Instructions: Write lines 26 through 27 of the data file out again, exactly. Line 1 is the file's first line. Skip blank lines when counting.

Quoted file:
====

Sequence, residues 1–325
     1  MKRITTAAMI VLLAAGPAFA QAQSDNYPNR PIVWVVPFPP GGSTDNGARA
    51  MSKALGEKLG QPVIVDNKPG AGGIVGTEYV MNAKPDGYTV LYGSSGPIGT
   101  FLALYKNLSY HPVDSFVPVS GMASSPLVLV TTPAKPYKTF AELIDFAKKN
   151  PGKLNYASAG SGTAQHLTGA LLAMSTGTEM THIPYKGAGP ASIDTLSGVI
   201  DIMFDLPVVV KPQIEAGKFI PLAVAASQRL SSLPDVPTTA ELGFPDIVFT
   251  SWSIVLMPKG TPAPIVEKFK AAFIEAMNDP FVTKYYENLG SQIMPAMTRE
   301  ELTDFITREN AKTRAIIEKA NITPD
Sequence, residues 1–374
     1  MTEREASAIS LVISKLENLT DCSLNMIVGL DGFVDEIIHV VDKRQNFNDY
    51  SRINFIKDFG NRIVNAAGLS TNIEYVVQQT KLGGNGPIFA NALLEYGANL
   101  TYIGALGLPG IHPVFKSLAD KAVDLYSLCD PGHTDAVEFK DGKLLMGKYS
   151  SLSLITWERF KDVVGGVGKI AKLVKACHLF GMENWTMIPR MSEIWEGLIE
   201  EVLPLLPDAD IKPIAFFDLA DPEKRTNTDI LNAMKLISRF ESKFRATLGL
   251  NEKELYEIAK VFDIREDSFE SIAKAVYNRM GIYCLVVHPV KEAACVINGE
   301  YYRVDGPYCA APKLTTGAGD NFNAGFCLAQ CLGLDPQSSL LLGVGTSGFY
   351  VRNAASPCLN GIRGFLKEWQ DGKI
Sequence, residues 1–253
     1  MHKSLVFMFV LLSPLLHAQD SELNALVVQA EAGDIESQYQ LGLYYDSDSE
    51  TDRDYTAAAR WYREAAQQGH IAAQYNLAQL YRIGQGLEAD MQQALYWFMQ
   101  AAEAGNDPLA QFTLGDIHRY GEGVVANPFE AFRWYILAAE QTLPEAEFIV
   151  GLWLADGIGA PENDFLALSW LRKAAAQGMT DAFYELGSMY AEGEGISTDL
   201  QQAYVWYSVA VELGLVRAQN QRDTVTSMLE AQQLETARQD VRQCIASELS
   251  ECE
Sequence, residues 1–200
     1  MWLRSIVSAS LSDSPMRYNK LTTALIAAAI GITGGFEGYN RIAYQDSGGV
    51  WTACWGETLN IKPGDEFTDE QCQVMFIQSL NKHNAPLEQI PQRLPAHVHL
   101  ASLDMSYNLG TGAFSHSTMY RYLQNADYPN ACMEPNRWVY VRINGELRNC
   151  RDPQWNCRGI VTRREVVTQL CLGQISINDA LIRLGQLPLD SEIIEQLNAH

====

     1  MWLRSIVSAS LSDSPMRYNK LTTALIAAAI GITGGFEGYN RIAYQDSGGV
    51  WTACWGETLN IKPGDEFTDE QCQVMFIQSL NKHNAPLEQI PQRLPAHVHL